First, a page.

For someone who claims to have gotten into staffing “by accident,” Joanie Courtney continues to blaze trails and achieve milestones in the industry like someone who was meant to be there. Joanie is currently CMO of EmployBridge, the largest industrial staffing firm with $3.1 billion in revenue, as well as President of their professional staffing division, RemX Staffing

When she applied for her first job in a newspaper ad (yes, a newspaper ad!) for an “employment counselor” role, she wasn’t sure exactly what she wanted to do, but she knew she wanted to help people and improve their lives. Fast forward 25 years, and she’s proud to be a confident staffing leader who makes a difference in people’s lives; whether it’s her own employees, job candidates, or customers. 

Family values

Joanie shares that she is incredibly grateful and owes a lot of her success to her parents, who raised her and her three sisters with strong, hard-working values. Her parents supported her in countless ways, but she likes to call out three things they did to shape who she is today:

  • Unconditional love – no matter what, Joanie knew she had her parents’ backing, and each and every day they were there for her and her sisters.
  • Education – not going to college was not an option for Joanie and her sisters, and she’s forever grateful for her parents’ commitment to making sure she got the schooling she needed to succeed.
  • Confidence – perhaps the most important value her parents instilled in her, Joanie’s parents taught her to believe in herself, and that she could even be the President of the United States one day.

Joanie goes on to say, “When I look back at it, the confidence piece was key. It’s the best gift we can give our children and I try to do it with my children every day. My mother made me feel that if I wanted to be the President of the United States, I could really do it. It gave me such confidence!”

That confidence has driven Joanie to be her own passionate career champion, paving the way not only for herself but for future staffing leaders. 

Diversity, inclusion, and acceptance 

Joanie’s path to the c-suite of an industry-leading organization wasn’t easy. Early in her career, she worked for companies that tended to be very male-dominated. In fact, she recalls one where about 90% of the sales and recruiting team were men. Joanie shares that it made her feel that the organization valued men more than women but she tried not to take it personally. Instead, she framed it as a challenge. She was ambitious and wanted to climb the ladder but she knew it probably wasn’t going to happen where she currently was.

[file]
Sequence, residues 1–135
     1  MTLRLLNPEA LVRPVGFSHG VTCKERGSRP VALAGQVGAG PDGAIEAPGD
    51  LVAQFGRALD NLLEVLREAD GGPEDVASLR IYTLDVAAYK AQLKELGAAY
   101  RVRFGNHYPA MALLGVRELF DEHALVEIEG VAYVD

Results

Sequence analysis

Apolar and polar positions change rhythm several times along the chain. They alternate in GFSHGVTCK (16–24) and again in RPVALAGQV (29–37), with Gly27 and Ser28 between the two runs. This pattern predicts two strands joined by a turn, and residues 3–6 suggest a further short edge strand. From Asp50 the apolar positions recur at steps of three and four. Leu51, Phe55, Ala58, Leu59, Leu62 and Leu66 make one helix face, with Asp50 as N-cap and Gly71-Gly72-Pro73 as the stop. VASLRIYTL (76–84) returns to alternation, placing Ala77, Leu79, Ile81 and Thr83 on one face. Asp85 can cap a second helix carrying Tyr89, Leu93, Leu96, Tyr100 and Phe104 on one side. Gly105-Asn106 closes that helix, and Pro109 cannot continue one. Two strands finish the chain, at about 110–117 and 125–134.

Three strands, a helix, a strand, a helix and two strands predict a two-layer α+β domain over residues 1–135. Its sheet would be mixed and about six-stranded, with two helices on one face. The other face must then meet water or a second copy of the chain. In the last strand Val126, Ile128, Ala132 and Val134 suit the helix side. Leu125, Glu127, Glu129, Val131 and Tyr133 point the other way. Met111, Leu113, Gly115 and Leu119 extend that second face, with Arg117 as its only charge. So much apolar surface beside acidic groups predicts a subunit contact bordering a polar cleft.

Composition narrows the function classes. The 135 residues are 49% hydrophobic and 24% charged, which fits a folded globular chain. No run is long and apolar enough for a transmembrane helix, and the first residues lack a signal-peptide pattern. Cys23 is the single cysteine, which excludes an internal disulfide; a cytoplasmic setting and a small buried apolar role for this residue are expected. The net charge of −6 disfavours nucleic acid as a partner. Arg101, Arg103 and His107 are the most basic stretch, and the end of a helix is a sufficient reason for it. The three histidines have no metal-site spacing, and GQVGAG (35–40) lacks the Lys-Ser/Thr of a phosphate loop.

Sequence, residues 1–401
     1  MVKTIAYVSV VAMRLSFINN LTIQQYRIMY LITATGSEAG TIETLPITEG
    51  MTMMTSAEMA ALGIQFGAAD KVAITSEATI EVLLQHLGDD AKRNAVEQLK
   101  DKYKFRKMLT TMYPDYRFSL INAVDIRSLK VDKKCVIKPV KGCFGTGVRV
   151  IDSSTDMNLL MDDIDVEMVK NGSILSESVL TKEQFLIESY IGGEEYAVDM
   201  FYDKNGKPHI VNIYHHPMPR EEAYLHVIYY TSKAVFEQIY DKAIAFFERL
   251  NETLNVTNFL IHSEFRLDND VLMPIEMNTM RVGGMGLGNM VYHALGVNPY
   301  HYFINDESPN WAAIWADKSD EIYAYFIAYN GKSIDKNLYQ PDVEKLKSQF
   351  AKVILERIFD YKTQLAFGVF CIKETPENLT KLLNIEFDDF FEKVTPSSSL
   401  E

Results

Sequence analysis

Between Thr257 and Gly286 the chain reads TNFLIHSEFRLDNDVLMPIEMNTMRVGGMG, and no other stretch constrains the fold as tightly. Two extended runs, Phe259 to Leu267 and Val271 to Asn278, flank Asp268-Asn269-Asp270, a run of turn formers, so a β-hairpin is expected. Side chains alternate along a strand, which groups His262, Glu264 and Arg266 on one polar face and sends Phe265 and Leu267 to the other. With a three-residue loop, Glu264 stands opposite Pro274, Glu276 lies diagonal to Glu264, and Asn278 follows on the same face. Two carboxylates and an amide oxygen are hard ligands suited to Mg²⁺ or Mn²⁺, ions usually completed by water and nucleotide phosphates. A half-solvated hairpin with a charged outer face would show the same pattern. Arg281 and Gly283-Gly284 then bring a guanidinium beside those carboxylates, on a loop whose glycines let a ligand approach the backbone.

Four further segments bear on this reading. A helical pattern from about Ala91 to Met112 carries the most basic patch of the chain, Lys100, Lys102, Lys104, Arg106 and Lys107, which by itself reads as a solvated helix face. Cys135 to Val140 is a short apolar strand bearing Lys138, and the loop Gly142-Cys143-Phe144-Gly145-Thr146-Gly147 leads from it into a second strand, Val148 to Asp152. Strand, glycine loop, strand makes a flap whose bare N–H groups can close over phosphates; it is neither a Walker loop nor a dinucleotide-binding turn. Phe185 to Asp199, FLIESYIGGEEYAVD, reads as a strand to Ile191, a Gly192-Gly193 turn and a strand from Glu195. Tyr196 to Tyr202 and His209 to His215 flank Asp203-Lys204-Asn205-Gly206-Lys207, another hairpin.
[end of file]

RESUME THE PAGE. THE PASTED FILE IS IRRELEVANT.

“I didn’t have to blow a whistle or make a big deal about something, I chose to make a different decision. I own my career. I own my destiny. If I don’t feel like I’m going to be able to achieve what I want to achieve here, I’m going to find a place that is the right environment for me. I made the change.” 

She took that passion and embraced challenges in her next role, where she experienced her career-defining moment. She was a new Area Vice President and one of the youngest in her current organization, and she tells the story of how she won an annual award as the top-performing AVP. She didn’t even know she was up for the award, but sure enough, she ended up winning!

According to Joanie, “It defined me for many reasons. Number one, I felt like I had kept my head down and done my job, which I just love to do. It spoke to the fact that when you do something you really love and put yourself into it, and build a great team, the rewards are there. We were super successful as an area.”

Joanie then goes on to say that a male colleague came up to her and said, “Let’s see if you can do it again next year,” in a sarcastic tone. This lit a fire underneath her that she channeled into her future achievements.  

Mentorship matters

Joanie and Leslie also touch on the importance of mentorship. Joanie comments, 

“There have been so many mentors and leaders that have shaped my career. Both male and female, direct bosses, people that I’ve looked up to. What I loved the most is the opportunity to get advice from them and I really take that advice and keep it. It’s like picking the best flowers of each of them!”

She states that she would not be in the role she is today or have achieved what she has achieved without her mentors. 

Leslie and Joanie close their conversation with their top pieces of advice and how you can be your own confident career champion.

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